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Rootbound Rhododendrons

Posted by sue36 Z5 (My Page) on
Mon, Jun 18, 07 at 12:23

I purchased two rhododendrons about 1 month ago and for a variety of reasons they haven't been put in the ground yet. I've been keeping them watered, and they bloomed well and have a lot of new growth. Last week was lousy weather, and I didn't really water anything. Saturday I went out to water and the new growth (but not the old growth) on the rhodies were totally wilted.

I pressed the soil and one plant is totally root bound. Feels like a solid mass of roots. The other isn't as bad. I watered them well and then put the pots into 5 gallon buckets with some water in them and they perked back up.

These will hopefully get planted this week, and I am wondering what to do since they are so root bound? Do I just slash the sides of the root ball and hope for the best? Any suggestions are appreciated.


Follow-Up Postings:

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RE: Rootbound Rhododendrons

That is one way. You don't want to break the small hair like roots. It is best to try to straighten the roots out, but if it means ripping off some of the air like roots, then just make cuts down the sides with a box cutter or some other sharp tool so they don't strangle each other.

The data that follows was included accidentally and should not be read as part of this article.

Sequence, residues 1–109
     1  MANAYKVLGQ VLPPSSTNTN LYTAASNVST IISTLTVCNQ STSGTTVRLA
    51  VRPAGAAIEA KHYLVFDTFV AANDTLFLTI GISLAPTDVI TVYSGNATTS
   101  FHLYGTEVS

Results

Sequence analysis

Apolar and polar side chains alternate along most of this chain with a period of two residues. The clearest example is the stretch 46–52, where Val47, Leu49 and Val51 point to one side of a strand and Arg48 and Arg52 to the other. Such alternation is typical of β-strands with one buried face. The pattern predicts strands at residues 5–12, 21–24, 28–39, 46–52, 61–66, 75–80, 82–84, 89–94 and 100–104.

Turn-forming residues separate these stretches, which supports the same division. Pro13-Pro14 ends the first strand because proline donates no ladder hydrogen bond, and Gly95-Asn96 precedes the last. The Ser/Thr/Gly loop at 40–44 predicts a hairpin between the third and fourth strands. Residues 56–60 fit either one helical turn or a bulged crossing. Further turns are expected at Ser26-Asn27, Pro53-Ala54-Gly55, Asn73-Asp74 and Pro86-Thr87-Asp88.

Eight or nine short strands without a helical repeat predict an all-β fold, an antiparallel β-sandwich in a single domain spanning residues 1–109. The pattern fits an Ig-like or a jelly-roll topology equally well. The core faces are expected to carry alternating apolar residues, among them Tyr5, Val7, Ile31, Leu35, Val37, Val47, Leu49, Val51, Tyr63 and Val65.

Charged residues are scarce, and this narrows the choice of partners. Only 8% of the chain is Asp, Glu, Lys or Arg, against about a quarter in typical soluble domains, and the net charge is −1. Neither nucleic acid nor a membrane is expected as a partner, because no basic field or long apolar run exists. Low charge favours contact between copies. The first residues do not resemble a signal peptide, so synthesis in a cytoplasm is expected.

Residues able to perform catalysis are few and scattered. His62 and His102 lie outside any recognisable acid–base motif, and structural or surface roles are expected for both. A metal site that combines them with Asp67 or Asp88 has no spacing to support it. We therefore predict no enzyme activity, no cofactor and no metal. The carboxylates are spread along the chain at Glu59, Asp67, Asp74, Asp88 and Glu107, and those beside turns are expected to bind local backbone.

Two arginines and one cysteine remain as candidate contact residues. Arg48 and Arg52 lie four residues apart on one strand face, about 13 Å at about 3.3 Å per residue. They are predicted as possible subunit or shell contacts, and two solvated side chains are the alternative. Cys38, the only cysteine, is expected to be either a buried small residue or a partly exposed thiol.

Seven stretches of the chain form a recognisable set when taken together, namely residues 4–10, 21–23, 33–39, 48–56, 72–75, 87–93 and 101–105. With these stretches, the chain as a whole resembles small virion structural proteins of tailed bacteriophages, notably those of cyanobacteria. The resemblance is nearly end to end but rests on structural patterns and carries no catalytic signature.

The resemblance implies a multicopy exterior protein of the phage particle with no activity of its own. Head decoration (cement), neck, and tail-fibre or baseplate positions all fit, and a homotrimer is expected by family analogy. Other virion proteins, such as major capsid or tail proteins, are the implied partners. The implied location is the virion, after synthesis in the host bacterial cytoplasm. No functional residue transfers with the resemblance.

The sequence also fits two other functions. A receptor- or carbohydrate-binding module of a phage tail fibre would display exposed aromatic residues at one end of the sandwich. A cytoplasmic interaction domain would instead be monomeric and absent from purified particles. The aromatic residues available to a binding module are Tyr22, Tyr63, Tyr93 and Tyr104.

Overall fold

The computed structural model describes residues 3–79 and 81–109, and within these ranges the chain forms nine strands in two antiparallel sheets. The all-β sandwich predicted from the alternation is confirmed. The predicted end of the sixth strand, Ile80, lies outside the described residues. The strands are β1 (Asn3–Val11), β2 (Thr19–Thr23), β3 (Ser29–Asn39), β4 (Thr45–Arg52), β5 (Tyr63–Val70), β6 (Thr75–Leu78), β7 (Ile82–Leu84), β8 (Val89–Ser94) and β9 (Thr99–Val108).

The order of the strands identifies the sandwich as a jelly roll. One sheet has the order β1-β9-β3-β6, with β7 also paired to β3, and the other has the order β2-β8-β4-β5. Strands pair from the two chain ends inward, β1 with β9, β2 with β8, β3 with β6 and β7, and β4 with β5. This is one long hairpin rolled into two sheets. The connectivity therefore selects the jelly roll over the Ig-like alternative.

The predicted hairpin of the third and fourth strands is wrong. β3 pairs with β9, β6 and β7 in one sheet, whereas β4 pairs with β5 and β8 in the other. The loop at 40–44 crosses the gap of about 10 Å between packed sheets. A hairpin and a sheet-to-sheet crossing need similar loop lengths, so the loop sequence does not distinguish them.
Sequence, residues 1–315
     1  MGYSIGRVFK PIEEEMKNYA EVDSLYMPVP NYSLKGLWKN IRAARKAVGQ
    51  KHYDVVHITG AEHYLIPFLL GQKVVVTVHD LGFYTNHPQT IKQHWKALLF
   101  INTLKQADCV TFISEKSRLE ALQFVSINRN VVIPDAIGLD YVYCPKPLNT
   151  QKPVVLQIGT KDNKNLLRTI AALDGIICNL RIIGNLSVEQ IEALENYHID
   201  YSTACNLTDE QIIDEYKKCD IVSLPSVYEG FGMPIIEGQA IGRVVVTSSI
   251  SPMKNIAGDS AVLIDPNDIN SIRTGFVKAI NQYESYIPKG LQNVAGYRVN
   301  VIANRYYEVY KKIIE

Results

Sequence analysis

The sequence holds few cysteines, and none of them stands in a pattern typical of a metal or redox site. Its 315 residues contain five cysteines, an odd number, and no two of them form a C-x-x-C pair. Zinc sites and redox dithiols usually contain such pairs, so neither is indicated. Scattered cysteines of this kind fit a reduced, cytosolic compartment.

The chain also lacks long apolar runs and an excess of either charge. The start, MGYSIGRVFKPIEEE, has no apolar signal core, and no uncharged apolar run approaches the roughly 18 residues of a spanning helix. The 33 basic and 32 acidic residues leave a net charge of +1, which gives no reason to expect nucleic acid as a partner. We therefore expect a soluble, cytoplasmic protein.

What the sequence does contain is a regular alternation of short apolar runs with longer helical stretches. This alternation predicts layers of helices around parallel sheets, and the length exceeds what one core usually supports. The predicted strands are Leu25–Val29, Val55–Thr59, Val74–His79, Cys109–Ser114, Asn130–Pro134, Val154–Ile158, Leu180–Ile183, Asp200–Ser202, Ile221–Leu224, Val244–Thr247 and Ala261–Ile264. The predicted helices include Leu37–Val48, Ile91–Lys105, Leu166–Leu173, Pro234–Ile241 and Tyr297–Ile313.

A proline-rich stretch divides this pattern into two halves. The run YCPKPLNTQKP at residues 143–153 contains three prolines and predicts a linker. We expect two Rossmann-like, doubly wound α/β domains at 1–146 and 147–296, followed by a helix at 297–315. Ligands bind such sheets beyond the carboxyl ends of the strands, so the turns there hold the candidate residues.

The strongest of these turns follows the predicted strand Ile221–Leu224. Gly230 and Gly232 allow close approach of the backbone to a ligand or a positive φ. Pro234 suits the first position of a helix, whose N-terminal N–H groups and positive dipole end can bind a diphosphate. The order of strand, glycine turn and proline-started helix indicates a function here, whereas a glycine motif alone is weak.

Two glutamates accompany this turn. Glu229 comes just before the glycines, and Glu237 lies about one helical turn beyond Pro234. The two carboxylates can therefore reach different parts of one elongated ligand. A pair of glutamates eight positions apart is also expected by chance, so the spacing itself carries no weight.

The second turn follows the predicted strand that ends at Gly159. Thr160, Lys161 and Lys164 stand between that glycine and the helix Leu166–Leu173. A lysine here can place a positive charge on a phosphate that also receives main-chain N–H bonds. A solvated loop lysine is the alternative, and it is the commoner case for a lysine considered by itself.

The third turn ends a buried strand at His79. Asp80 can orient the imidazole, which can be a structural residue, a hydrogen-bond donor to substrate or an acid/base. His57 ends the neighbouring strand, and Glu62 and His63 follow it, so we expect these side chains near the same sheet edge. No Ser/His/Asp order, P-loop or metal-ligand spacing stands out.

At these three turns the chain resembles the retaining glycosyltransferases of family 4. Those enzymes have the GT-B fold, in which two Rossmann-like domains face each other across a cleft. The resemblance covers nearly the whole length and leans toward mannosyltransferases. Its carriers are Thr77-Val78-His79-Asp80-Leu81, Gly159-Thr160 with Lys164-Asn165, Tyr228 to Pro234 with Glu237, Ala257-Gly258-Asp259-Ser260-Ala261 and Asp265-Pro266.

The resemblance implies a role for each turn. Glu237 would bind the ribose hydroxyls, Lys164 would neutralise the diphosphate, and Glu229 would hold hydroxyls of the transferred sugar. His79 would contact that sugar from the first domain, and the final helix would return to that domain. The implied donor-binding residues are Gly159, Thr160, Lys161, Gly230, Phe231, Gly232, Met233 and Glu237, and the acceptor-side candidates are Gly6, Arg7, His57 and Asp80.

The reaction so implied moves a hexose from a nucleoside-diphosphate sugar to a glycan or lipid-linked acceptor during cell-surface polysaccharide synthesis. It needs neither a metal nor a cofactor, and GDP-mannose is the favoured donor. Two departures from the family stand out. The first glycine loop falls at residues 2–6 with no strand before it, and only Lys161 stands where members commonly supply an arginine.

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RE: Rootbound Rhododendrons

  • Posted by morz8 Z8 Wa coast (My Page) on
    Mon, Jun 18, 07 at 13:03

Sue, when you take them out of the pots, if you find they've been containerized so long the roots are completely dense and matted, you can root prune them.

This is generally successful if you use a sharp knife, emphasis on sharp. Cut away 1/2" matted roots from the edges of the root ball of a 1 gal plant, 1" from plants in larger containers.


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RE: Rootbound Rhododendrons

I'm surprised these are so rootbound. I bought them from a good garden center (not big box) near us, and they don't overwinter stuff (they close in the winter). Anyway, I'll have to see how bad they are when I get them out.

What type of a knife is used for root pruning?


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RE: Rootbound Rhododendrons

I use a sturdy utility knife/box cutter or a flooring knife.


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RE: Rootbound Rhododendrons

Thanks Rhodyman!


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